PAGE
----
Sunday, September 12, 2010
What we learned in the Big 12: Week 2
By David Ubben
What a weekend of football. What it lacked in drama, it made up in head-spinning results. Here's what we know after it all shook out.
1. The new guy got 'em coached up. I don't know anyone who really thought Kansas could beat Georgia Tech. I'm sure there were a couple people outside of the Kansas locker room -- but not far outside. While I didn't think they could win, I thought they had a chance to keep it close. Now? I have no idea what to make of Kansas. Is this a bowl team? Was this a one-time thing? Was Georgia Tech really the No. 15 team in America? Those -- and countless others questions -- will be answered in the next 10 games. But you have to give Turner Gill this: He now has plenty of people paying attention to Kansas football.
A week after losing to North Dakota State, Kansas was celebrating an upset of No. 15 Georgia Tech.
2. Colorado probably won't be leaving the Big 12 until after the 2011 season. This story got buried during game day, but Pac-10 commissioner Larry Scott spoke to reporters at Saturday's Cal-Colorado game and said he wasn't optimistic the Buffaloes could roam westward until 2012. "The chances are worse than 50-50," Scott said. "I don't know how to rank it beyond that. At this stage, we're planning for them to come in 2012." We had heard that from Colorado late last month, but Scott's comments serve as confirmation from the other side. That would be a scheduling headache for both sides, with an 11-team Pac-10 and an 11-team Big 12 trying to figure out how to make 2011 work. I'm glad I don't have to be involved in those scheduling decisions. For Colorado, the announcements distracted from their embarrassing 52-7 beatdown in Berkeley.
3. Week 1 wins lose a little sheen. Kansas State and Oklahoma State were among the two most impressive teams after last week's game. This week, however, Troy had three chances to take the lead in the fourth quarter in the Cowboys' 41-38 win. Although on attempt came after quarterback Brandon Weeden fumbled a snap while trying to run out the clock. Kansas State's win over UCLA isn't as impressive as Stanford shut out the Bruins 35-0 in Los Angeles. Oklahoma State's problems were self-inflicted, but Dana Holgorsen is clearly working out the kinks like he thought he'd have to. The Cowboys had five turnovers and 12 penalties. "I don't remember being in a game where we made so many mistakes and still found a way to win," OSU coach Mike Gundy said. "I'm not sure we could have done that three years ago." That's a pretty good way of spinning a pretty bad performance, but he's probably right. Oklahoma State is making progress, especially in a supposed rebuilding year.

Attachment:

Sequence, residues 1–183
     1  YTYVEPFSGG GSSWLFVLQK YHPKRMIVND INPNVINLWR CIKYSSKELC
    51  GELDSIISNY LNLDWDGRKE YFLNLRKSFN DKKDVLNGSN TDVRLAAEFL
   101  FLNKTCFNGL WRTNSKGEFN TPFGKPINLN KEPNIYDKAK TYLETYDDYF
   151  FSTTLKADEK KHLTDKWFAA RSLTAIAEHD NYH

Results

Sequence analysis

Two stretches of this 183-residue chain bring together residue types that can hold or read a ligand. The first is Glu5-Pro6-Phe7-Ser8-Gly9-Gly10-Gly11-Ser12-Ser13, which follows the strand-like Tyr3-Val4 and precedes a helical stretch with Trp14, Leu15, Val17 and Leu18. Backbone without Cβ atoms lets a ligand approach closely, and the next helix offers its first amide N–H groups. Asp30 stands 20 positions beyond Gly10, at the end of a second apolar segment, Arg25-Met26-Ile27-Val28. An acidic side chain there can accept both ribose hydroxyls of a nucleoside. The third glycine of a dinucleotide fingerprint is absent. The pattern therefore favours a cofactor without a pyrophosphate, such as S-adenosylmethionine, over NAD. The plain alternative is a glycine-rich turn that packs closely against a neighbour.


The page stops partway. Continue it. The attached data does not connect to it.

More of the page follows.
4. Oklahoma is pretty good. The way some talked about Oklahoma the past week, you'd have thought the Sooners lost to an FCS team. But the Sooners' inept defensive backs made plays on Christian Ponder all day, and let the Heisman candidate torch them for 113 yards on 11-of-28 passing with a pair of interceptions. Meanwhile, the overrated, passive Landry Jones barely managed to top 320 yards in the first half and threw just three touchdown passes before halftime. Ten of his 40 passes were also incomplete, a side effect of his terrible decision making. Oklahoma's reign as one of the top teams in the Big 12 is clearly nearing its end.
5. We should get used to watching Taylor Martinez run for touchdowns. Last week's 46-yarder against actually awful Western Kentucky was no fluke. He broke another big play this week with a 67-yard touchdown to put Nebraska up 10-0 in the second quarter -- and added another with a 20-yard score in the third. That gives the redshirt freshman five touchdowns and 284 yards rushing in two games. He has yet to throw a touchdown, but if Martinez proves himself to be competent in the passing game, he'll stay on the field and give Nebraska the big-play threat it lacked all last season. Those legs may decide how the Big 12 shakes out in conference play. His 106 yards on 12-of-17 passing were efficient but won't impress anyone. If he continues at this pace, he may overtake Robert Griffin (who quietly threw for a career high 297 yards in an impressive 34-6 win over Buffalo) as the conference's best running threat at quarterback.